Facing Miller Park at the intersection of Pratt and Morris avenues, The Colonnade was the business center of Chautauqua Institution.
Visitors approaching The Colonnade from the south passed through a lovely, vine-covered pergola.
The Colonnade was a busy place. Nearby was the post office, where residents retrieved and sent mail.
The Colonnade itself was a favorite place for friends to gather. It housed a grocery, a dry-goods store, a hair salon, a barber shop, a drug store, and various other merchants.
One retailer that managed to secure a prime location in The Colonnade was an establishment called Spirella Parlour, which was a genteel store name for the Spirella Corset Company.
The Spirella Corset Company had factories established in Pennsylvania and Canada when they set up shop in The Colonnade at Chautauqua. Wedged between a ladies’ dress shop on one side and the main hall, their’s was an ideal location. The store was staffed by “skillful corsetières” (more on them in a moment).
In Isabella’s time, every woman—and many girls—wore corsets. They were an essential element of a lady’s undergarments.
But corsets did not last very long. Their stays had a tendency to break; and since corsets were worn over only a thin muslin chemise or slip, perspiration and natural skin oils often stained the corset fabric or rusted the stays.
Corset garter hooks often broke, and their long lacing ribbons often snapped off. For women, access to a store such as Spirella’s on Chautauqua’s premises was practically essential, since the nearest town where a lingerie store might be found was miles away.
Once a lady had donned her chemise or slip (sometimes called a shift), she put on her corset. Then she added other layers of undergarments:
As many as 5 layers of petticoats
Over all of that she donned her dress or skirt with shirtwaist.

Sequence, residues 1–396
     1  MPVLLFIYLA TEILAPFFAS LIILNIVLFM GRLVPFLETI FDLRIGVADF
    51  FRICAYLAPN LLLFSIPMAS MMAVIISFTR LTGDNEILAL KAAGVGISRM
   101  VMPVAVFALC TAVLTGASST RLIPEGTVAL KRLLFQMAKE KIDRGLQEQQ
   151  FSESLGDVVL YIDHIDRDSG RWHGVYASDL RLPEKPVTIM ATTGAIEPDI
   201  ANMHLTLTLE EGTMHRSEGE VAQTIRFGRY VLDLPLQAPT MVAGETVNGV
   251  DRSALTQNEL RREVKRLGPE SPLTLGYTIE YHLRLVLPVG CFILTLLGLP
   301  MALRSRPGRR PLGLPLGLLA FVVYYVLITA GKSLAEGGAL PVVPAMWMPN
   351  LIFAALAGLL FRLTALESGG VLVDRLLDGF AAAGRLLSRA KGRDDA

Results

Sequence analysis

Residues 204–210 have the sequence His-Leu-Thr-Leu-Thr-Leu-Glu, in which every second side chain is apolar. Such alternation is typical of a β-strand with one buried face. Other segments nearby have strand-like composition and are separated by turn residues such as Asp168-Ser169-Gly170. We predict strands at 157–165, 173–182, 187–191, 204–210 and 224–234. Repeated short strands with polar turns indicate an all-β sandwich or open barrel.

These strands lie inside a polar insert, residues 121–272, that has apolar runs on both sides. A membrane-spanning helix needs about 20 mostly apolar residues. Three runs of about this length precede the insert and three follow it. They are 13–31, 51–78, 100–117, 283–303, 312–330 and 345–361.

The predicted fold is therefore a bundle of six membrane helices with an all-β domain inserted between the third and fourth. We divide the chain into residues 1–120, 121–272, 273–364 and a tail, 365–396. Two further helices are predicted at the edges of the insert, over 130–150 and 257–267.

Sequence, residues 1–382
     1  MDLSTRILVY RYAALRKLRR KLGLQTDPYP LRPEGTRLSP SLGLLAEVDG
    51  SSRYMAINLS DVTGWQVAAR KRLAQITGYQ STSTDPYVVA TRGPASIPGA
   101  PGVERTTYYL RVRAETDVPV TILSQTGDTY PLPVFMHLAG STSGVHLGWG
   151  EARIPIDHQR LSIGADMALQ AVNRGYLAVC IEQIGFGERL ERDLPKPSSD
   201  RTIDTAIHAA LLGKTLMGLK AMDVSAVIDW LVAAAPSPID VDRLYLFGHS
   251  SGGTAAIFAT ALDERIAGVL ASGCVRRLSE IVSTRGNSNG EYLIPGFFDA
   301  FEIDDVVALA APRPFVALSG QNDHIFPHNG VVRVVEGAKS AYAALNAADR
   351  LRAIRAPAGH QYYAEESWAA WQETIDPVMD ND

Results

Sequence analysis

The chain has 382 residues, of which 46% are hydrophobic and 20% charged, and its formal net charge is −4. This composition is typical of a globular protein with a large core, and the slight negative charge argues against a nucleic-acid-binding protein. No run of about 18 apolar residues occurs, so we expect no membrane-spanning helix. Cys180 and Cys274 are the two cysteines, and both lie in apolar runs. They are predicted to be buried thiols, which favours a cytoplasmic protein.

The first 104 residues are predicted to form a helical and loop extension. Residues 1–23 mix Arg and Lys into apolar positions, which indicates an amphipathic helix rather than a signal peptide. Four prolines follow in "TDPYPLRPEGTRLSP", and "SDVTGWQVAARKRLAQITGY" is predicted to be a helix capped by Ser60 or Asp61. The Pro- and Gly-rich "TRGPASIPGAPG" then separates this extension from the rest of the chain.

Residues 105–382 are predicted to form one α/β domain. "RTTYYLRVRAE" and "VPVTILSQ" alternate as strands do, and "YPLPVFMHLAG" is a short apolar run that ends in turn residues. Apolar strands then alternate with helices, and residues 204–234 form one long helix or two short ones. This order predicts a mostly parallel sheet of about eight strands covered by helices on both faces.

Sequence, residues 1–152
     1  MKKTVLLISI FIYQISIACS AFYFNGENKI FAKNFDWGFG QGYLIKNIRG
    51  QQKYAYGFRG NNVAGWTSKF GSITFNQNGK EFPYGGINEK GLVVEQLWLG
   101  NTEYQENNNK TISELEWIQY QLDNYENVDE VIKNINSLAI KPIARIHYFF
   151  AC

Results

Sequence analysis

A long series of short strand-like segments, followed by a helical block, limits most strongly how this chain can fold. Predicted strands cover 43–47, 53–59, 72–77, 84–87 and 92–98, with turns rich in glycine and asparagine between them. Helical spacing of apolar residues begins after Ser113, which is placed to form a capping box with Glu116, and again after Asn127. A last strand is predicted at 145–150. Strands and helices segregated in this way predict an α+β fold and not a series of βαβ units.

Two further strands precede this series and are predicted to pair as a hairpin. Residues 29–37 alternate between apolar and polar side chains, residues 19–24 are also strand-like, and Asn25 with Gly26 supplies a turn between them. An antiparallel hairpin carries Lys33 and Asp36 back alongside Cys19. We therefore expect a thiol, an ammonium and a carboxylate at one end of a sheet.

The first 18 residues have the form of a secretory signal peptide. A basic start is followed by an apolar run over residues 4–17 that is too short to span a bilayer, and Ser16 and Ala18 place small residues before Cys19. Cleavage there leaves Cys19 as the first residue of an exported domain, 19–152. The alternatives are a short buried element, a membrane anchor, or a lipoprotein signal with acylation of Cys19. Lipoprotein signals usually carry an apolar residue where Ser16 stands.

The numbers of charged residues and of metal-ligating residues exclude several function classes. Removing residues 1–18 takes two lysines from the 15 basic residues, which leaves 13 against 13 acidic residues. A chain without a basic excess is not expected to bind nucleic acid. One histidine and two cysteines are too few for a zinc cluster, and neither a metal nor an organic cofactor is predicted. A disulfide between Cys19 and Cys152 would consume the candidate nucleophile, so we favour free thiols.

This 1908 newspaper ad in the Omaha Daily Bee shows some of the many different undergarments women wore under their clothes.
A woman’s corset was essential; she wore a corset wherever she went, no matter what she was doing.
Of course, The Spirella Company was not the only corset manufacturer in the United States. There were many such companies, each vying for their share of the corset market.
What set Spirella apart from their competition was that they specialized in custom-made corsets.
In fact, the Spirella Parlour at Chautauqua is the only known retail location for Spirella Corsets in America. Instead of opening stores, The Spirella Company hired a legion of women called corsetières who were sent to customers’ homes. The corsetières took the customer’s measurements and consulted on the correct model of Spirella corset based on the lady’s figure type.
According to Spirella’s 1913 customer brochure:
“The secret of being well dressed lies in your figure, and your figure is made or ruined by your corset.”
You can see The Spirella Corset Company’s 1913 brochure distributed by their corsetières to customers. The booklet is filled with nice illustrations of the different models of corsets they offered, and offers guidance on how to select the proper corset based on body type. Just click here.
You can also watch this fun video that shows the many layers of undergarments women wore in the late 1800s and early 1900s:
Did you know . . .
. . . as essential as a corset was to every woman’s wardrobe, Isabella never mentioned corsets in any of her many books and stories. She did mention shifts and petticoats, but never made mention of corsets.